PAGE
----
At receiver, it looks like Street is probably doubtful for Thursday's game, so that eliminates a major offensive threat for the Panthers. Pitt has some other nice guys (though Kevin Weatherspoon, generally the third receiver, also appears to be out) but Boyd will be the biggest receiving threat. He's a very good route runner for a freshman, and also has good downfield talent. He can get open, even against double-coverage, but the problem has usually been the offensive line protecting Savage long enough for him to do so.
- The Panthers defense seems to have had some "ups" and some "downs" this season. How do you see the Pitt defense having played this season? Is the up-and-down a function of the team's schedule or the players on defense?
I think the defense improved fairly steadily after the Duke debacle (a 58-55 Pitt win) but took a major step back their last time out against Miami. The problem I've seen when the defense struggles is that they are playing too tentatively. First-year defensive coordinator Matt House has mixed in some zone coverages this year that diverged from last year's exclusively man-to-man scheme, and that has drawn a lot of criticism from fans. When the players are confident in their assignments, those coverages can be effective, but when guys have even a split-second of hesitation, that's enough time for a good offense to take advantage.
In the games where the defense struggled, those things tend to snowball. Against Miami, for example, the Hurricanes were up 14-0 barely four minutes in, and that put Pitt's defense on its heels.
- What are the keys to Aaron Donald's success this season? What makes him special? And who are some other Pitt players we should watch for in the game?
The two biggest things for Donald are his lightning-quick first step and his relentless motor. He's so quick off the ball that, even when teams try to double-team him, he's often in the backfield before the second guy can even get there. He's got some of the quickest hands I've ever seen and he knows how to use them (he also brags about his ping pong prowess). That helps him get off blocks sometimes before they even start. He really is a tireless worker and put in a lot of time this offseason to improve on an already strong junior season.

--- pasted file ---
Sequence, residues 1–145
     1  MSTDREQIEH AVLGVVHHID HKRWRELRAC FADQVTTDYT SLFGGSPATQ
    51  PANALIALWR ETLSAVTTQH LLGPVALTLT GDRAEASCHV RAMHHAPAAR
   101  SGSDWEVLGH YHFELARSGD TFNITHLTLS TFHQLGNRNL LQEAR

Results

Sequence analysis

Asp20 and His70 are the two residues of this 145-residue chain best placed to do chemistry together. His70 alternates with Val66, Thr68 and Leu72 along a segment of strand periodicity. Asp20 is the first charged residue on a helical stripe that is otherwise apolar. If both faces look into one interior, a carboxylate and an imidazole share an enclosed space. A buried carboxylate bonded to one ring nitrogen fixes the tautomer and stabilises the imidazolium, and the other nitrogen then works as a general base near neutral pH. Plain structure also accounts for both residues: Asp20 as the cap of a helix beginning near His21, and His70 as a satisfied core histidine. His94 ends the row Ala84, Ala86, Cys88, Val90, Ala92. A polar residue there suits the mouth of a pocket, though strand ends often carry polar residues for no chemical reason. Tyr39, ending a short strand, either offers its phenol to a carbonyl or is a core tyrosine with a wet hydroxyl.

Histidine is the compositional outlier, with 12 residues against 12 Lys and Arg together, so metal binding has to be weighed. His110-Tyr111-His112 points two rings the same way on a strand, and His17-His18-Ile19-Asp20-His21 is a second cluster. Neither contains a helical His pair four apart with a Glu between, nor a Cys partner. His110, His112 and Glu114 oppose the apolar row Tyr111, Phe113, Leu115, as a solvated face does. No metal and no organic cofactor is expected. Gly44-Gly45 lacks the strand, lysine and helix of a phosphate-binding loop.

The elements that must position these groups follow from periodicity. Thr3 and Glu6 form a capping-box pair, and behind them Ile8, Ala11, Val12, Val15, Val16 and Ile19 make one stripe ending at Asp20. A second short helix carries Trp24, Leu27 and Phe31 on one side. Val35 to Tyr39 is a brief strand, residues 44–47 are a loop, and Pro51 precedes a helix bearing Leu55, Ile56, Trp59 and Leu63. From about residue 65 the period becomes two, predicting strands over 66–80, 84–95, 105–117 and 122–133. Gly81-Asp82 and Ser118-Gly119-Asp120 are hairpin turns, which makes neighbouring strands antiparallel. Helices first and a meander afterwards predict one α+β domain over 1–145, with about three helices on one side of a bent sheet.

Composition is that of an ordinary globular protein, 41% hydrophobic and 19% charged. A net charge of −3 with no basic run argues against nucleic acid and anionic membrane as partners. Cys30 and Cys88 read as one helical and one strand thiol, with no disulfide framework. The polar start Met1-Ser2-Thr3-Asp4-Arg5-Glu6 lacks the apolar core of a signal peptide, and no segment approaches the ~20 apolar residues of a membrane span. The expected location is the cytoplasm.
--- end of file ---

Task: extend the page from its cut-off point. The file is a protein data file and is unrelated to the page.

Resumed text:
The other guys I would watch for are linebacker Anthony Gonzalez, a converted quarterback (and safety) who has steadily developed into Pitt's most reliable linebacker. He's good against the run, but is also athletic enough to drop into coverage against receivers, too. The other guy would be safety Ray Vinopal, who has had an up and down year, but tends to earn a #BigPlayRay hashtag on Twitter with some, well, big plays late in games. He had two interceptions in the fourth quarter of the win against Notre Dame and a fumble recovery in the fourth quarter against North Carolina that helped Pitt come back to tie that game.
- I know there was a melt-down on punt coverage late in the North Carolina game ... how have Pitt's special teams done otherwise this season? Chris Blewitt seems like a scary name for a kicker -- how he fared this season? And how has Matt Yoklic done in handling the punting chores?
Blewitt has been fine, about what you would expect from a freshman kicker. He has missed a couple here and there, but generally has been pretty consistent. Yoklic has been a bit more up and down. He shanked a key punt late against Navy that allowed the Midshipmen to drive for a game-winning field goal.
The bigger issue has been, as you mentioned, the coverage units, particularly in the North Carolina game. Pitt also hasn't had a particularly explosive return game this year, with Tyler Boyd and Lafayette Pitts splitting the kickoff return duties. It will be interesting to see who they put out there for punt return with their regular starter (Kevin Weatherspoon) likely out.
For more information on the Panthers, click on the Pitt page from the Post-Gazette sports section.